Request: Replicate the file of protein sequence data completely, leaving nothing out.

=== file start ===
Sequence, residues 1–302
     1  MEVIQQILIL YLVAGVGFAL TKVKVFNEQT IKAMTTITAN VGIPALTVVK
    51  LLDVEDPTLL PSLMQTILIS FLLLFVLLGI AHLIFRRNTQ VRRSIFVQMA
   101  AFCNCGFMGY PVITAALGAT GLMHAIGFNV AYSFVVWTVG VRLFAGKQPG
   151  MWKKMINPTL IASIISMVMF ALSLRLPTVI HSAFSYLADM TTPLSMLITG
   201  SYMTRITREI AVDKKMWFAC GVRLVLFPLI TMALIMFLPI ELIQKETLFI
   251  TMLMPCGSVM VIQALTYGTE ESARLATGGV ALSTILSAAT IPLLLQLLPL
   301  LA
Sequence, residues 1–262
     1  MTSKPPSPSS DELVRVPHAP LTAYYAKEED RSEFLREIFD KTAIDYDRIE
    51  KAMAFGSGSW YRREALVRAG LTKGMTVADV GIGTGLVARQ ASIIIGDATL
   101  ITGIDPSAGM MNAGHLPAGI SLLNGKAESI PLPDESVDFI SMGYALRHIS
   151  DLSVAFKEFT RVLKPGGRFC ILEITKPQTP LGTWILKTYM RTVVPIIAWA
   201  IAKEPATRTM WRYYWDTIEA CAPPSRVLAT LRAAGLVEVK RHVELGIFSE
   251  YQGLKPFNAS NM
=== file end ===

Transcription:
Sequence, residues 1–302
     1  MEVIQQILIL YLVAGVGFAL TKVKVFNEQT IKAMTTITAN VGIPALTVVK
    51  LLDVEDPTLL PSLMQTILIS FLLLFVLLGI AHLIFRRNTQ VRRSIFVQMA
   101  AFCNCGFMGY PVITAALGAT GLMHAIGFNV AYSFVVWTVG VRLFAGKQPG
   151  MWKKMINPTL IASIISMVMF ALSLRLPTVI HSAFSYLADM TTPLSMLITG
   201  SYMTRITREI AVDKKMWFAC GVRLVLFPLI TMALIMFLPI ELIQKETLFI
   251  TMLMPCGSVM VIQALTYGTE ESARLATGGV ALSTILSAAT IPLLLQLLPL
   301  LA
Sequence, residues 1–262
     1  MTSKPPSPSS DELVRVPHAP LTAYYAKEED RSEFLREIFD KTAIDYDRIE
    51  KAMAFGSGSW YRREALVRAG LTKGMTVADV GIGTGLVARQ ASIIIGDATL
   101  ITGIDPSAGM MNAGHLPAGI SLLNGKAESI PLPDESVDFI SMGYALRHIS
   151  DLSVAFKEFT RVLKPGGRFC ILEITKPQTP LGTWILKTYM RTVVPIIAWA
   201  IAKEPATRTM WRYYWDTIEA CAPPSRVLAT LRAAGLVEVK RHVELGIFSE
   251  YQGLKPFNAS NM